# Troublshooting your pc for dummies - Bourg D.M.

ISBN 0-596-00006-5

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Let’s look at a simple 2D example demonstrating how to apply the formulas discussed in this section. Suppose you’re working on a top-down view auto racing game in which you want to simulate the automobile sprite based on 2D rigid bo<-ly dynamics. At the start of the game the player’s car is at the starting line, full of fuel arid ready to go. Before starting the simulation, you need to calculate the mass properties of the car, driver, and fuel load at this initial state. In this case, the body is made up of three components: the car, driver, and full load of fuel. Later on during the game, however, the mass of this body will change as fuel burns off and the driver gets thrown after a crash. For now, let’s focus on the initial condition as illustrated in Figure 1-8.

Car

Driver /

NOT TO SCALE

Figure 1-8. Example Body Consisting of Car, Driver, and Fuel

The properties of each component in this example are given in Table 1-2. Note that length is measured along the x-axis, width is measured along the y-axis, and height would be coming out of the paper. Also note that the coordinates, in the form (x, y), to the centroid of each component are referenced to the global origin.

Iable 1-2. Example Properties

Car

Length = 15.5 ft Width = 6.0 ft Height = 4.1 ft Weight = 3913.0 lb Centroid = (100,100) ft

Driver (seated)

Length = 3,0 ft Width = 1.5 ft Height = 3.5 ft Weight = 190.01b Centroid = {103,105) ft

Fuel -

length = 1.5 ft

Width = 3.0 ft

Height = 1.0 ft

Density of Fuel = 1.45 slug/ft1

Centroid = (93,100) ft

The first mass property we want to calculate is the mass of the body. This is a simple calculation, since we are already given the weight of the car and the driver. The only other component of weight we need is that of the fuel. Since we are given the mass density of the fuel and the geometry of the tank, we can calculate the volume of the tank and multiply by the density and the acceleration due to gravity to get the weight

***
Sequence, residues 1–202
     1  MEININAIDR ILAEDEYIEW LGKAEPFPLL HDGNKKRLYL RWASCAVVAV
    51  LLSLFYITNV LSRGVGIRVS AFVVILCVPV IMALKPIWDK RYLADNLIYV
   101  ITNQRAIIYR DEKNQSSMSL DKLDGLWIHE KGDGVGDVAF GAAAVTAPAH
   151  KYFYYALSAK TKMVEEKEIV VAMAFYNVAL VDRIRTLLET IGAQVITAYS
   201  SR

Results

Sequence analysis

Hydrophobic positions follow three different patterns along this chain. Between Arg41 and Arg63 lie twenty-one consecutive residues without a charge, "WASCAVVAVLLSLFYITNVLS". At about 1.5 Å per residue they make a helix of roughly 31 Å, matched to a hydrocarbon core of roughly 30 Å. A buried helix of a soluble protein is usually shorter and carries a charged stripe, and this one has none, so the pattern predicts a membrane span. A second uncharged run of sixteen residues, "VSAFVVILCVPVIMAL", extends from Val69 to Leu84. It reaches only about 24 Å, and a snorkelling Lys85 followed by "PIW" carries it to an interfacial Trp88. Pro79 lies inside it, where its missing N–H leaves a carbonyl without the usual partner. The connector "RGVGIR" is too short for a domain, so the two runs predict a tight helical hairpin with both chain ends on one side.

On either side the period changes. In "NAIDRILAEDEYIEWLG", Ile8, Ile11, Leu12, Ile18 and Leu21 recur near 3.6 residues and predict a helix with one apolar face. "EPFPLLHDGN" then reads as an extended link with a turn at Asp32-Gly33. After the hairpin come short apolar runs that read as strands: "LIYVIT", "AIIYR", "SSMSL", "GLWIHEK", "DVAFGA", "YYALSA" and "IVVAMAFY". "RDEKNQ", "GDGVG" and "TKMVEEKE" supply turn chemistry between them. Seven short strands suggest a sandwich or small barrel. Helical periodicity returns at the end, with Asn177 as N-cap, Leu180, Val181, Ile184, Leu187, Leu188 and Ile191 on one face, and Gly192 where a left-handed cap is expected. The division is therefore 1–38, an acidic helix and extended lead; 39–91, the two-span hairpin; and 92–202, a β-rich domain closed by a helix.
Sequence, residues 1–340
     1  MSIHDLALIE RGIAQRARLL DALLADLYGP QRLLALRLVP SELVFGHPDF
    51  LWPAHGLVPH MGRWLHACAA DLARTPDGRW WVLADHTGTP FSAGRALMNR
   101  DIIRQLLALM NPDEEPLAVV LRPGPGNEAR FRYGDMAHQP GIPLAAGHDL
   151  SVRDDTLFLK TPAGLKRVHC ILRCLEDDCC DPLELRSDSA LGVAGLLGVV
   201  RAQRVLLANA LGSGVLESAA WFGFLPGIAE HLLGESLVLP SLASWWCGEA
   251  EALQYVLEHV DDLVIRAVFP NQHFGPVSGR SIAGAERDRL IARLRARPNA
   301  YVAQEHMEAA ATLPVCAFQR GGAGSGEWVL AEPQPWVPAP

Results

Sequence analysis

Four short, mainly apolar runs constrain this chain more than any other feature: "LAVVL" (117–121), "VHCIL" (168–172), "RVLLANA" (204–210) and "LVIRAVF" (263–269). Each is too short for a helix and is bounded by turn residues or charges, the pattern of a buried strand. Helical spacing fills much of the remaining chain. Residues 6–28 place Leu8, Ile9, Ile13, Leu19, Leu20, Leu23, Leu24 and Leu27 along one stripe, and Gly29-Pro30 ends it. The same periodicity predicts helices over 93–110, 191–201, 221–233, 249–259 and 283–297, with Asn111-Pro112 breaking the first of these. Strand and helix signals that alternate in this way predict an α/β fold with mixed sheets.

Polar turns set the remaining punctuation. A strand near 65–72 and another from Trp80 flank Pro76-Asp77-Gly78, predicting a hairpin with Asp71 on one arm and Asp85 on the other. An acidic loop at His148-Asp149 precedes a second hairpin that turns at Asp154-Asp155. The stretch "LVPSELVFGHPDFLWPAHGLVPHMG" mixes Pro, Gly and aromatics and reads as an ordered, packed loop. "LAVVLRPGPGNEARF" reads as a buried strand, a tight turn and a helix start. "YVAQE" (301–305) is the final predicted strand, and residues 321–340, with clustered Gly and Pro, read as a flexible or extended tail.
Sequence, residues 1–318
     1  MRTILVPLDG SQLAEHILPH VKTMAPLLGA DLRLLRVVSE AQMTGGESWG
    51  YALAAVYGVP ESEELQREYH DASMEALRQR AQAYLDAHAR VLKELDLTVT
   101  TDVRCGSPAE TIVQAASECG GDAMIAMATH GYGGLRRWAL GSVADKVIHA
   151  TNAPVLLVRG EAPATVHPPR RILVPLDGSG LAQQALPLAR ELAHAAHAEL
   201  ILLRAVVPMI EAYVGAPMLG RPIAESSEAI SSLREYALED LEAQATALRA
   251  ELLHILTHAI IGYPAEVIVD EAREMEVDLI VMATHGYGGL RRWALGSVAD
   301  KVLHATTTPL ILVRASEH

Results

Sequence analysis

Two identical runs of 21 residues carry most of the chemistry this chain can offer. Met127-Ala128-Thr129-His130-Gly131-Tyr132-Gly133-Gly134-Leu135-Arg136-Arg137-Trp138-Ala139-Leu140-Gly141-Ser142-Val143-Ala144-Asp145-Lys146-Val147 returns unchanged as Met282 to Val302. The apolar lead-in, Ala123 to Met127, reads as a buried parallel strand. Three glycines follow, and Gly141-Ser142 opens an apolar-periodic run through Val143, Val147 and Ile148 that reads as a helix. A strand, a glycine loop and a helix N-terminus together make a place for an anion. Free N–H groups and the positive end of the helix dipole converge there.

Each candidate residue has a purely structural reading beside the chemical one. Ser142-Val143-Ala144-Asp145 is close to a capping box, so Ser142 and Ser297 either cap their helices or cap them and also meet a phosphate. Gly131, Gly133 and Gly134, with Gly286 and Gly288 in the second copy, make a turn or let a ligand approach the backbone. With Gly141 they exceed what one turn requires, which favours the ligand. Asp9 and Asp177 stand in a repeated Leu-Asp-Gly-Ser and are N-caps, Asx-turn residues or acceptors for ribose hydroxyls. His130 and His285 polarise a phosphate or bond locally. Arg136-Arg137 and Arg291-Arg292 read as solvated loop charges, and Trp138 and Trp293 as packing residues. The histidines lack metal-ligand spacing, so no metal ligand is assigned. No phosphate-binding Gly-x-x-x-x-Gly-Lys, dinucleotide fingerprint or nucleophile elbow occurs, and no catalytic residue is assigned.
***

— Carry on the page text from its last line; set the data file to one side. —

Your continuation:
12 [ Chapter 1: Basic Concepts

of the fuel in the tank. This yields 210 lb of fuel as shown here:

Wfuel = pvg = (1.45 slug/ft3) (1.5 ft) (3 ft) (1 ft) (32.174 ft/ s2) = 2101b -

Now, the total weight of the body is

l^tocal = l^car + ^driver + ^fuel

Wmtll = 3913 lb + 190 lb + 210 lb = 4317 lb

To get the mass of the body, you simply divide the weight by the acceleration due to gravity:

Mtota, = W»«i/g = 4317 lb/(32.174 ft/s2) = 134.2 slugs

A slug is a strange-sounding unit that you might not feel comfortable using, so converting to SI units for mass, we get 1958.2 kg, nearly 2 metric tons.

The next mass property we want is the location of the center of gravity of the body In this example we will calculate the centroid relative to the global origin and will apply the first moment formula twice, once for the x-coordinate and again for the y-coordinate, as shown here:

?^cgbody — {(Xcg car X^car) “1“ (^cgdriver)(^driver) H" C^cgfuel) (^uel)}/ ^tocal

Xcgbody = {(100 ft) (3913 lb) 4- (103 ft) (1901b) + (10 0 ft) (210 lb)}/4317 tb

Xcgbody = 99.7 ft

X:gbody — {(.yeg car )(l^car) + (itg driver) (Waiver) 4“ (ycgfuelX^tuel)}/ WrotaS

Ycgbody = ((100 ft) (3913 lb) + (105 ft) (190 lb) + (100 ft) (210 lb)}/4317 lb

Ycgbody = 100.1 ft

Notice that we used weight in these equations instead of mass. Remember that we can do this because the acceleration due to gravity built into the weight value is constant and appears in both the numerator and denominator, thus canceling out.

Now it’s time to calculate the mass moment of inertia of the body. This is easy enough in this 2D example, since we have only one rotational axis, coming out of the paper, and therefore need to perform the calculation only once. The first step is to calculate the local moment of inertia of each component about its own neutral axis. Given the limited information we have on the geometry and mass distribution of each component, we will make a simplifying approximation by assuming that each component can be represented by a rectangular cylinder and will therefore use the corresponding formula for moment of inertia. In the equations that follow, I’ll use a lowercase

Mass, Center of Mass, and Moment of Inertia | 13

iv co represent width so as to not confuse it with weight, for which I’ve been using a capital W.

r

Iocar = (m/U)(w2 + L2)

Iocar = ((3913 lb/32.174 ft/s2)/12)((6.0 ft)2 + (15.5 ft)2} = 2800lb-s2-ft

/„dri™r = (m/12)(w2 + t1) lodriver = ((150 lb/32.174ft/s2)/12)((1.5 ft)2 + (3.0 ft)2) = 5.5lb-s2-ft

lofuel = (m/12)(iv2+L2)

Iofud = ((210 lb/32.174 ft/s2}/12)((3.0 ft)2 + (1.5ft)2) - 6.11b-s2-ft

Since these are the moments of inertia of each component about its own neutral axis, we now need to use the parallel axis theorem to transfer these moments to the neutral axis of the body, which is located at the body center of gravity that we recently calculated.

To do this, the distance from the body center of gravity to each component’s center of

gravity must be found. The distances squared from each component to the body center of gravity are

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